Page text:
Structured Query Language, better known as SQL, is a
powerful tool for manipulating data. It is used in virtually every relational
database management system on the market today, not just by DB2, but also by Oracle,
Sybase, MySQL, and Microsoft SQL Server.
SQL is a high-level language that provides a greater degree
of abstraction than do procedural languages. Most programming languages require
that the programmer navigate data structures. The navigation information is
encoded in the program and is difficult to change after it has been programmed.
SQL is different. It is designed so that the programmer can
specify what data is needed, and not how to retrieve it. A DB2 application
programmer will use SQL to define data selection criteria. DB2 analyzes SQL and
formulates data-navigational instructions “behind the scenes.” These
data-navigational instructions are called access
paths. By having the DBMS determine the optimal access path to the data, a
heavy burden is removed from the programmer. The database has a better
understanding of the state of the data it stores, and thereby can produce a
more efficient and dynamic access path to the data. The result is that SQL,
used properly, can provide for quicker application development.
Quick application development is a double-edged sword. While
it can mean reduced application development time and lowered costs, it can also
mean that testing and performance tuning are not thoroughly done. The task of
tuning the database as well as optimizing the SQL typically falls to the
database administrator (DBA).
The DB2 environment and its host system can be tuned to
achieve a certain level of performance improvement, but the greatest potential
for performance improvement comes from analyzing the SQL code itself and making
changes to improve speed and efficiency. The consensus among SQL performance
experts is that 80% or more of database performance problems are caused by
improperly written and un-tuned SQL.
SQL Query Tuning
SQL is not merely a query language. It can also define data
structures, control access to the data, and insert, modify, and delete data. Consolidating
these functions into a single language eases communication between different
types of users.
SQL is, by nature, quite flexible. It uses a free-form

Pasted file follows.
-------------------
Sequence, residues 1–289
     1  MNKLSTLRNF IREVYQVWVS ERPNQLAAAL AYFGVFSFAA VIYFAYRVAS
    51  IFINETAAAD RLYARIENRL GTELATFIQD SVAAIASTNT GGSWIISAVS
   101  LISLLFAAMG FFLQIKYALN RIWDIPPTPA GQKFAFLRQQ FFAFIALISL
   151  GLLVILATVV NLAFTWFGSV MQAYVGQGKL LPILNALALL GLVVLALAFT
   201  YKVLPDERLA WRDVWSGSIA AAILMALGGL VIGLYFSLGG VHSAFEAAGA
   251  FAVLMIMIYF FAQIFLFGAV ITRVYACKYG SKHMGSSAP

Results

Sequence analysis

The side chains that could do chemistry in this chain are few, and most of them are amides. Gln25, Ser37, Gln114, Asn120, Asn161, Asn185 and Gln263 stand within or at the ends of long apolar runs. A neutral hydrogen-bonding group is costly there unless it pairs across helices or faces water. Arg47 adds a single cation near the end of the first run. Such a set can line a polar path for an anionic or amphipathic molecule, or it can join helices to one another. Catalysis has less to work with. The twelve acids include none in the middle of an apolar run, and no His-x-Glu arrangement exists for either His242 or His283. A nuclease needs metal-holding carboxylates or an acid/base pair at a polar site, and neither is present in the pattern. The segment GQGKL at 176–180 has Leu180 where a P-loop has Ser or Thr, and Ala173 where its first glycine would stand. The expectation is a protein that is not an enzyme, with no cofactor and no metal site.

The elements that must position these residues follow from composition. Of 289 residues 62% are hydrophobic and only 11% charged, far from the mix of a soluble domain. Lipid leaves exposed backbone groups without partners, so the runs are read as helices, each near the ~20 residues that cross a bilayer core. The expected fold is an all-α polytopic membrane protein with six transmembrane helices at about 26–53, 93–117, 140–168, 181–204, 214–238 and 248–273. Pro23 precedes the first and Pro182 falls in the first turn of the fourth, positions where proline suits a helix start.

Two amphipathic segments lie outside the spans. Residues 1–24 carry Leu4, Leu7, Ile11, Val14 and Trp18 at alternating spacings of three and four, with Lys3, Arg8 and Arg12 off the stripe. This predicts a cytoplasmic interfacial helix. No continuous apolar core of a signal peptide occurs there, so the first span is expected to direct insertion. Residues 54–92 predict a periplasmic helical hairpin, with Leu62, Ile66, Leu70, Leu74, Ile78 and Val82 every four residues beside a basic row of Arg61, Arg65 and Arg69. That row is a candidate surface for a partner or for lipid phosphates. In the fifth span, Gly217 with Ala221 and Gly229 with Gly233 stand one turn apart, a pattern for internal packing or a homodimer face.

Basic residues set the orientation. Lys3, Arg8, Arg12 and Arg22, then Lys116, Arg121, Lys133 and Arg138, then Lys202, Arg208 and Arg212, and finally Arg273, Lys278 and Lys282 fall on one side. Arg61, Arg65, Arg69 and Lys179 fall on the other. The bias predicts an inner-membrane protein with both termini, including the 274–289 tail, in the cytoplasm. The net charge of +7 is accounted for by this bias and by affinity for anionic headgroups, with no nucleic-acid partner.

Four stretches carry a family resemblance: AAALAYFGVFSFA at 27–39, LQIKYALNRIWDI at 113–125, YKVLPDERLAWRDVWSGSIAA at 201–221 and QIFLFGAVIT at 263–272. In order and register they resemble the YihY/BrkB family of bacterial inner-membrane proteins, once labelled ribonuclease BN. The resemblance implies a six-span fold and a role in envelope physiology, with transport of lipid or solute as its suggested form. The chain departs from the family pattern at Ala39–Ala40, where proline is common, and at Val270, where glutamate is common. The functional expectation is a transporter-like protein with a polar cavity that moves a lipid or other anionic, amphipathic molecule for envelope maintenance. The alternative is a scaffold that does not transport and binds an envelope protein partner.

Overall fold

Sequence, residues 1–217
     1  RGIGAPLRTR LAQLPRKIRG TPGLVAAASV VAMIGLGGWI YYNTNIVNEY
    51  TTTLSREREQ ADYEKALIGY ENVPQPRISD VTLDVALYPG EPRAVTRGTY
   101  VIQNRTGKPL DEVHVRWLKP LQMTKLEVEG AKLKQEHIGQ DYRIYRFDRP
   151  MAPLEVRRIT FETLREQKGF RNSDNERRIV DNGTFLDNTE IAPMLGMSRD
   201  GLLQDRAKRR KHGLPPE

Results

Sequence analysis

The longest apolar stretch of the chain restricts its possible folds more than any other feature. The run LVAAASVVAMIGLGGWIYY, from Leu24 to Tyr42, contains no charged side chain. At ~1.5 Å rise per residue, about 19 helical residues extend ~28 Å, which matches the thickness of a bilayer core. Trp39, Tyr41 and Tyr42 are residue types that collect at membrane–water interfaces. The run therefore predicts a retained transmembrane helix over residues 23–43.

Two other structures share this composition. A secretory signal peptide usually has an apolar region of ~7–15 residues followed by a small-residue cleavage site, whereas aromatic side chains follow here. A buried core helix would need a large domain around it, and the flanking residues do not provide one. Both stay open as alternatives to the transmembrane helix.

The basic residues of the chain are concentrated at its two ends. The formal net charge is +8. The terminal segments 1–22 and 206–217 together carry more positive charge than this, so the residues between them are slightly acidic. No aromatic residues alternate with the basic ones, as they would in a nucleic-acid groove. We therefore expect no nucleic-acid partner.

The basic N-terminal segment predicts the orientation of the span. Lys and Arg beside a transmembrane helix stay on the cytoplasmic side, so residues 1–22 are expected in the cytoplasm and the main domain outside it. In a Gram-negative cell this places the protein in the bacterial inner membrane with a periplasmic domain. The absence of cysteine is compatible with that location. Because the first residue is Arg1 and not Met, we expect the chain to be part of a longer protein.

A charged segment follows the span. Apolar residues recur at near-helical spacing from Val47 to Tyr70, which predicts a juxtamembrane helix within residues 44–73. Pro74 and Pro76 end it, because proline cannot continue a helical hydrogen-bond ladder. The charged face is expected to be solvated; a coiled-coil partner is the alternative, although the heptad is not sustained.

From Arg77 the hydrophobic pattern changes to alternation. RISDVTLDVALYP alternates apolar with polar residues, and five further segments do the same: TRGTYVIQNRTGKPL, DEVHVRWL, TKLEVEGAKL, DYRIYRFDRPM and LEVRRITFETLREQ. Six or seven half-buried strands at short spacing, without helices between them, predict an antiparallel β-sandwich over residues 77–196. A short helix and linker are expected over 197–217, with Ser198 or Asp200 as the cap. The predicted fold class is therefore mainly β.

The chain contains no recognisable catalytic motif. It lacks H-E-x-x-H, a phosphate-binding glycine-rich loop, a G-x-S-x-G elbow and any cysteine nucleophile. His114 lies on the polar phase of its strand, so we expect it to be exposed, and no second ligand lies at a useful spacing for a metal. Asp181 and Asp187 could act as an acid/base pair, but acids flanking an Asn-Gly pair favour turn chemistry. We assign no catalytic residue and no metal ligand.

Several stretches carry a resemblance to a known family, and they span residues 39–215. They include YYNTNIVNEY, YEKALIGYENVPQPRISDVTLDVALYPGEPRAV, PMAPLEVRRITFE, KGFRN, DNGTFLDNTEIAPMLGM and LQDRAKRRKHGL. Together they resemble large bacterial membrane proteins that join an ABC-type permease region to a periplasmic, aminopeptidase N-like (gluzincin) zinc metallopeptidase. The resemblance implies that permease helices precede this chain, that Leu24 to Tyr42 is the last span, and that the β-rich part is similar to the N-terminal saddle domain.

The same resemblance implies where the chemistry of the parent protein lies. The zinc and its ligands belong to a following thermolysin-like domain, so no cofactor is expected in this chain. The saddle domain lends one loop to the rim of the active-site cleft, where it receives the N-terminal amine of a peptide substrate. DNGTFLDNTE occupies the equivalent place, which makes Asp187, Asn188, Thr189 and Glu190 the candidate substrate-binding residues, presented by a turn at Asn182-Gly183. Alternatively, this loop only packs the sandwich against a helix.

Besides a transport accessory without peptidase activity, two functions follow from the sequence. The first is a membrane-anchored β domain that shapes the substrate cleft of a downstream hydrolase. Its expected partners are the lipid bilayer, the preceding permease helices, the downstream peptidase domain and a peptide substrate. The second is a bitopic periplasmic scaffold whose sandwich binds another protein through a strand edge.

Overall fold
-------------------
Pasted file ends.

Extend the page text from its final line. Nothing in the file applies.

structure that gives the user the ability to develop SQL statements in a way
best suited to the given user. Each SQL request is parsed by the DBMS before
execution to check for proper syntax and to optimize the request. Therefore,
SQL statements do not need to start in any given column and can be strung
together on one line or broken apart on several lines. Any SQL request could be
formulated in a number of different but functionally equivalent ways.
SQL’s flexibility makes it intrinsically simple, but
flexibility is not always a good thing when it comes to performance. Different
but equivalent SQL formulations can result in extremely variable performance. In
this section, we’ll talk about some of the tools within DB2 to help optimize
performance and we’ll get into some of the things to watch for in the code
Queries Built for Speed
When you are writing your SQL statements to access DB2 data,
keep in mind the three fundamental guidelines listed in this section. These are
simple, yet important rules to follow when writing your SQL statements. Of
course, SQL performance is a complex topic and to understand every nuance of
how SQL performs can take a lifetime. That said, adhering to the following
simple rules puts you on the right track to achieving high-performing DB2
- Always provide only the exact columns that you need to retrieve in the
SELECT-list of each SQL SELECT statement.
Another way of stating this is “do not use SELECT *”. The shorthand SELECT
* means retrieve all columns from the table(s) being accessed. This is
fine for quick and dirty queries but is bad practice for inclusion in
application programs because:
tables may need to be changed in the future to include additional
columns. SELECT * will retrieve those new columns, too, and your program
may not be capable of handling the additional data without requiring
will consume additional resources for every column that requested to be
returned. If the program does not need the data, it should not ask for
it. Even if the program needs every column, it is better to explicitly
ask for each column by name in the SQL statement for clarity and to avoid
the previous pitfall.
Of course, simply avoiding SELECT *
is not sufficient. You also have to avoid returning certain columns…
- Do not ask for what you already know.
This may sound simplistic, but most programmers violate this rule at one
time or another. For example, consider what is wrong with this simple
SELECT LASTNAME, FIRST_NAME, JOB_CODE,
WHERE JOB_CODE = 'A'
DEPTNO = 'D01';
Look at the SELECT-list. There are
four columns specified but only two of them are needed. We know that JOB_CODE
will be A and DEPTNO will be D01 because we told DB2 to only return those rows
using the WHERE clauses. Every column that DB2 has to access and return to our